The inclusion of biomarkers in social surveys such as the Panel Study of Income Dynamics (PSID) has the potential to answer many elusive questions in social science and public health, including the much-studied relationship between socioeconomic status and health. This article reviews the potential inclusion of biomarkers of cardiovascular and metabolic risk in the PSID. We first discuss the considerable analytical benefits of adding these biomarkers to the PSID, including the exploration of life course hypotheses and the potential to test causal relationships between the social environment and biological systems. Next, we review evidence on the reliability of self-reports of cardiovascular and metabolic risk factors, concluding that the potential bias from relying on self-reports may be substantial. Based on evidence of biological importance as well as practical considerations of ease of in-home collection, our first tier of recommended biomarkers includes measured height, weight, waist and hip circumference, diastolic and systolic blood pressure, resting heart rate, total and high-density lipoprotein (HDL) cholesterol, glycosylated hemoglobin (HbA1c), C-reactive protein (CRP), and cystatin C. Additional markers of secondary priority are also discussed.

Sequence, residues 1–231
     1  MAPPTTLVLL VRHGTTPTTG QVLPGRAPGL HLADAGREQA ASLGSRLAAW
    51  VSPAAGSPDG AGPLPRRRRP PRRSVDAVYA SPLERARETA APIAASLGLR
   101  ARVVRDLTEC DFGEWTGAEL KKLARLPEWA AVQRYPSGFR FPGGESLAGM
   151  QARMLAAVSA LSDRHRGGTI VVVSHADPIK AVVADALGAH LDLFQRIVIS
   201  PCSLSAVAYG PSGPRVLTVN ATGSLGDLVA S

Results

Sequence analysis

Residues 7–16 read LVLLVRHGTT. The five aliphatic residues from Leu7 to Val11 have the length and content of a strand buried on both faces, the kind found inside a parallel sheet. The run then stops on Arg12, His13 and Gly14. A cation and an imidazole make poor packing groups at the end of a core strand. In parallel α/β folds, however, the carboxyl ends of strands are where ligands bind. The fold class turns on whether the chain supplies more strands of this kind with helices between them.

All Science Journal Classification (ASJC) codes
- Ecology, Evolution, Behavior and Systematics